posted by Hypnic jerk at 9:57 AM on August 30, 2006


Where's their agenda?

The agenda is stop the neocon agenda. There's no need (or desire) to have a fully developed alternative theory of fascism. The problems Republicans claim to address with their platform are not addressed at all, they are used as justifications for power grabbing.

How then can Republicans pretend it is the lack of "serious alternatives" that keeps them with the party? Their program is directly counter-productive and only by intentionally ignoring that fact can Republicans act as though they are serious, thoughtful men bravely taking the initiative. They are serious crooks and/or torture-loving reactionaries.
posted by sonofsamiam at 9:59 AM on August 30, 2006


My point is that to date, the democrats, anti-war movement, et al. have presented little more than hands covering ears shouting no no no no.

Pastabagel, I beg to differ. On each issue, the Democrats have presented a plan, and if you choose to not hear it (or the media chooses not to cover it), that's perhaps a PR failure, and circumstances, but not a failure of vision.

The playing field is that Dems don't control the agenda in Congress. Their ideas don't get an "up or down" vote, they don't get a public debate on the floor, they don't get covered by media. They get buried in a GOP committee, never to be seen again.

On Iraq: Murtha's redeployment plan (poisoned by a BS resolution vote which misrepresented the plan).
On the budget: Obama's transparency bill (currently under "secret hold" by Ted Stevens)
On minimum wage: Poison pilled by estate tax cut riders.

They can't get legislation to the floor on dozens of issues -- energy independence, voting integrity, corporate taxation, health insurance, education, etc.

A lot of their ideas are too wonkish for breathless coverage. (But that's the difference between "governing" and "ruling".) It doesn't really zing like saying "opponents lack the courage to fight the war on terror" or "their vision is supported by al Queda types." But that ain't governance either. What has that accomplished, other than to divide the country?

On the war on Iraq, the prime thing Democrats would do differently? They'd tell the truth. And let's be honest...the Republican's plan on Iraq amounts to little more than "yes yes yes" and covering their ears. We see where that's gotten us.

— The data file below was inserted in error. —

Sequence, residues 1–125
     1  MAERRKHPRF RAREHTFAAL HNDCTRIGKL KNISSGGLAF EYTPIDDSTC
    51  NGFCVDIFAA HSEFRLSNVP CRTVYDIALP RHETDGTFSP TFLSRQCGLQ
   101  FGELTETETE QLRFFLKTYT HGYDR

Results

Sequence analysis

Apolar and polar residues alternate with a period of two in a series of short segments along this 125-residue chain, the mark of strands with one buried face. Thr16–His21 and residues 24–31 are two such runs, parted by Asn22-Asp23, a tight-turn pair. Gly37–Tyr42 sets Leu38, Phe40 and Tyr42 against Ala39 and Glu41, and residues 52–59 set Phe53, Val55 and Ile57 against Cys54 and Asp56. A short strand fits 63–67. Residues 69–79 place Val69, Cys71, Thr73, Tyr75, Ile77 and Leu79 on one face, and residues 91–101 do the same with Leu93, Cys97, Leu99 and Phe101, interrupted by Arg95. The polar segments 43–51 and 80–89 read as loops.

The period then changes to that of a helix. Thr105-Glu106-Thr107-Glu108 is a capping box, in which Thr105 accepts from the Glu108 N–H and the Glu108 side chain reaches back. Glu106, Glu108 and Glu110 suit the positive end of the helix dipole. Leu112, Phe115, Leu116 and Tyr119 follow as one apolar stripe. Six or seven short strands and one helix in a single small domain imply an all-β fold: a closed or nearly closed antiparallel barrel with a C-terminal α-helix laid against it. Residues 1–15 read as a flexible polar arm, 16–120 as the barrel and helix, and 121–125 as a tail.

posted by edverb at 10:18 AM on August 30, 2006 [2 favorites]


Along with edverb, the Dems don't need a plan for November--simply heading off military and financial disaster is enough, IMO, to take back at least the House. As Gingrich himself suggested recently, "Had enough?" should work.

The run for POTUS, however, is going to require some serious strategery.

(I know, people say that the Republican Revolution in 94 was all about having that famous "Contract with America," but honestly, those were just talking points wrapped up to look like a platform. Smaller government, less corruption, less taxes--none of those things actually happened, but voters felt empowered, at least for a few years until they realized what kind of hypocritical asshats they'd elected (the incredibly expensive impeachment of a fellow adulterer). Hopefully the Dems won't fall into the same traps, but it's quite likely. Color me way cynical.)
posted by bardic at 11:19 AM on August 30, 2006


There are two things needed to get access to sensitive information: a security clearance at the proper level and a need-to-know. If Plame's identity/work is considered sensitive, then someone in the information chain illegally disclosed sensitive information and should be punished.

If Armitage claims he didn't know the info was sensitive, then the person who gave him the info is the criminal. If that person makes a similar claim, then follow the trail up the information chain. Sooner or later, you'll find someone who is trapped by evidence and they'll come up with, "It wasn't me! I told so-and-so it was classified! He lied!" and then you can work your way back down the trail and start throwing asses in jail, hopefully including that fat, smirking, penis-in-a-red-tie Armitage.
posted by forrest at 12:27 PM on August 30, 2006


Smearing the Wilsons, Sliming America
posted by homunculus at 1:43 PM on September 1, 2006